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Author's profile photo Deepa Iyer

Theory vs Reality: SAP Design Thinking—Does it work? #ASUG2014

From my experience of having facilitated and coached SAP Design Thinking workshops with our customers for over 4 years, I can honestly say I have seen it yield successful outcomes. I have seen this process create long term collaborative relationships within the organization. Imagine that, organizations where teams are not communicating ??!  It happens more often than you would think, therefore bringing all stakeholders into the same conversation can be considered a really big win.

I’ve observed many times where this is the case, miscommunication or no communication between key teams. Since Design Thinking workshops brings out these kinds of issues, sessions can become very uncomfortable very quickly in the beginning—but I promise, there are great results waiting at the end!/wp-content/uploads/2014/04/quote_430127.png

About a year ago, I led a 2.5-day Design Thinking workshop with a customer who was trying to redesign two specific financial applications to meet their business’ needs.  The IT team had recently designed two beautiful applications with very cool user interfaces but the problem was that the business users did not adopt it and refused to use it. So this was the goal of the SAP Design Thinking workshop:  create a new start by acquiring the correct requirements for the two applications.

One of the critical factors for a successful workshop is to have the right users and stakeholders participate in the session- either as interviewees who can share their input during the 360 Research phase or as participants. The IT director reluctantly agreed to invite three key business users as interviewees. His reason for the reluctance? He felt that they already had the “right” participants from IT who can share the needs of the business users.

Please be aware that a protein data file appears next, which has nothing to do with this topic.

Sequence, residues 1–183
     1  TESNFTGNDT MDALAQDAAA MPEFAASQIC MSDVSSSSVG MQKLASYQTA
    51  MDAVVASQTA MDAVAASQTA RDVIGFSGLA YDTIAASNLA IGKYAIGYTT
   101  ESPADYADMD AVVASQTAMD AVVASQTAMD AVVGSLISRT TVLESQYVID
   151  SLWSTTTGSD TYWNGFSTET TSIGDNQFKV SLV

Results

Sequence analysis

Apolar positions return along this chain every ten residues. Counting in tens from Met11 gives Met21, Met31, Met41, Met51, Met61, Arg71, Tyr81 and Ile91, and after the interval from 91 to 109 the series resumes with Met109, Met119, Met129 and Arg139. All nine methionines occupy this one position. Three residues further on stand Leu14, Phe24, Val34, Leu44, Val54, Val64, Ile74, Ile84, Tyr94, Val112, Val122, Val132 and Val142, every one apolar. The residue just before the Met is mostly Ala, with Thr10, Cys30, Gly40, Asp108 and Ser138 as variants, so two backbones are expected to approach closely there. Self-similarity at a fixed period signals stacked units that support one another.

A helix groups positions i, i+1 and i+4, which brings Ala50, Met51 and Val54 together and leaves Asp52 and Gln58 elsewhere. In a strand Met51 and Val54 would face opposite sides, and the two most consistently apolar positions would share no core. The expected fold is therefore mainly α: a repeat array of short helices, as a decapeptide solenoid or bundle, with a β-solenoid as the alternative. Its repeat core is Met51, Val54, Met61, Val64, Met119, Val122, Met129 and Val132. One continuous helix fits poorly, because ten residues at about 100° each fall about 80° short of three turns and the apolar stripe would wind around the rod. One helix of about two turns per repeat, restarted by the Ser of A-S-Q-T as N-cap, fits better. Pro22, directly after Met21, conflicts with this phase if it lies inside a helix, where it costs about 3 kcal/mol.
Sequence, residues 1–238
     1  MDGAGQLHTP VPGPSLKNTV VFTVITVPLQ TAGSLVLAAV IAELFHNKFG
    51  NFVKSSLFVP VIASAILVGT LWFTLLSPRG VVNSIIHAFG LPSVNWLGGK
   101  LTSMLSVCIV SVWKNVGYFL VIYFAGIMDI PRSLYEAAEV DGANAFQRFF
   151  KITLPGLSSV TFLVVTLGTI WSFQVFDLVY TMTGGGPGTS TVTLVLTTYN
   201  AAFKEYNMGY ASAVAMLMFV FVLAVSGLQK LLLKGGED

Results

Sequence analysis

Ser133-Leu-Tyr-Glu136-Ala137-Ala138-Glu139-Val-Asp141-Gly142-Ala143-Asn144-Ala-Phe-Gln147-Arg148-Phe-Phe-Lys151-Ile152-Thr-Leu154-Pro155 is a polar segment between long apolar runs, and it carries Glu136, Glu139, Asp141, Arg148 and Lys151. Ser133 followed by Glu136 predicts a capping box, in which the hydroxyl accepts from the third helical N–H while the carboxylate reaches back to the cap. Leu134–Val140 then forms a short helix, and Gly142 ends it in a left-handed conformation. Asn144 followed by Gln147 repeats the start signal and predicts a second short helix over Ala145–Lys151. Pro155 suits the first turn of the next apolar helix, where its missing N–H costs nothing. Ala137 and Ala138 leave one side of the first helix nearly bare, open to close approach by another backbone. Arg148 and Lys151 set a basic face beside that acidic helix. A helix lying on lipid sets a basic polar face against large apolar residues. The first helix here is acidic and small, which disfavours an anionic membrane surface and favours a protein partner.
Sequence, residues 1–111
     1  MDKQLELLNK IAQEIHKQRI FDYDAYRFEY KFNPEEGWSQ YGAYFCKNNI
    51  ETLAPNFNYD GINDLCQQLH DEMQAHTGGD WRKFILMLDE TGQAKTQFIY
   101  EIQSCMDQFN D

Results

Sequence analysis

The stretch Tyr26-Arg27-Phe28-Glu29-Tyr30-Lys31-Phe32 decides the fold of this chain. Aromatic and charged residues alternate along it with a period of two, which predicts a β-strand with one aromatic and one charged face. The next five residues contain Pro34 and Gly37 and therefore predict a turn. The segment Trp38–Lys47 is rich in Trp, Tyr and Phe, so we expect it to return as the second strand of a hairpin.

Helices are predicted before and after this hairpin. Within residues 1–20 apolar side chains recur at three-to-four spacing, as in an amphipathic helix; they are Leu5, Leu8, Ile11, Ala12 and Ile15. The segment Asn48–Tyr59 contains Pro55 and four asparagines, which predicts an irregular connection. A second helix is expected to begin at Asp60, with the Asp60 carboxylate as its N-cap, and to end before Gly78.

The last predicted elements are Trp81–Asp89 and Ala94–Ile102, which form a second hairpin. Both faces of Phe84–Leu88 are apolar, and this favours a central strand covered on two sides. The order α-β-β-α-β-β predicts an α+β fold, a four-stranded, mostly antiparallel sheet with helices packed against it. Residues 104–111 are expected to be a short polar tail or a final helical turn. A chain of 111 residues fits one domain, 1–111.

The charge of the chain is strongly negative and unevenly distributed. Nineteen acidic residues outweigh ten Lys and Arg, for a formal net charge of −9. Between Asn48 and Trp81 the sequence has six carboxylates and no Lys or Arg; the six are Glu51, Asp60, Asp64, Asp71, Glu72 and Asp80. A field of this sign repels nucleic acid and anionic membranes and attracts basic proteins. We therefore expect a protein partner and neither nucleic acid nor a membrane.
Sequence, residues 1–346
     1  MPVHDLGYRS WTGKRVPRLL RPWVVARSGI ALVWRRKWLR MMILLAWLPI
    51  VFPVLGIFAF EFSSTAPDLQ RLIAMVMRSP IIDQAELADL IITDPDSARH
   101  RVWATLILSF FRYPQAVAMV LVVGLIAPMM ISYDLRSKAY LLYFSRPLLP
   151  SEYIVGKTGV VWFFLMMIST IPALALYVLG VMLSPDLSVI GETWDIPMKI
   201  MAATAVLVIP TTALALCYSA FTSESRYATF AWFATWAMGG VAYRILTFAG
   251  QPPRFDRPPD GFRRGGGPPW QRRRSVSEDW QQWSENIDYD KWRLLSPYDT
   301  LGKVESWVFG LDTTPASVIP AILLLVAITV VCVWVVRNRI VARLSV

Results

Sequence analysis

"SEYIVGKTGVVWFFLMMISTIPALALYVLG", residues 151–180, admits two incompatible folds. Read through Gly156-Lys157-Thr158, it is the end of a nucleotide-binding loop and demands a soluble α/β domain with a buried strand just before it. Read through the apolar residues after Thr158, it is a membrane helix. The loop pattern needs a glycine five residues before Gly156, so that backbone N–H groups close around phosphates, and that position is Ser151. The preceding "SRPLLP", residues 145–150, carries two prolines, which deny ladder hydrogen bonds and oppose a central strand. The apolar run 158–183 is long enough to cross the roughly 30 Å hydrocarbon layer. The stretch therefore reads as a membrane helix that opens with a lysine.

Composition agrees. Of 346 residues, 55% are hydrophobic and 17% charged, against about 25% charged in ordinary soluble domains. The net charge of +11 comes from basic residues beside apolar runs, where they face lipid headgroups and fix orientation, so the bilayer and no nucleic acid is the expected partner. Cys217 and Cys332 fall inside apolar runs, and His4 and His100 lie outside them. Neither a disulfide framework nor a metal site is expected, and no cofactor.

As the day progressed and interviews were conducted with the business users, I could clearly see the shift in mindset of the IT participants. The IT participants learned the real reasons the application they developed was not being used. It wasn’t because the application didn’t look good or wasn’t easy to use- it was because there was data integrity and data quality issues in the underlying data source. The data entry was sometimes delayed and in many cases information was outdated by the time it was entered into their system! No one had ever said anything about this to them!

This was their big a-ha moment– where they learned the true nature of the problem and the needs of their users.  From that point on the energy and engagement in the room changed –they progressed to create low fidelity prototypes taking into account everything they learned in the interviews and received a first round of validations from the business users. The IT director had a complete change of heart and realized he “wished we had more interviews”. The leadership and the team finally saw the value of spending the time to truly understand their users’ needs in order to build the right solution!



Have you ever participated in  SAP Design Thinking sessions? Would love to hear your experience in the comments.

About the author:

Deepa works in the Services Innovation and Design Thinking Center of Excellence in SAP Services. Deepa is a Design Thinking and innovation coach, practitioner and evangelist. She facilitates Design Thinking workshops and projects with SAP customers to address a variety of different business problems. She leads the DT enablement and training activities for the Services organization in North America and works on other innovation projects in the Services Innovation team.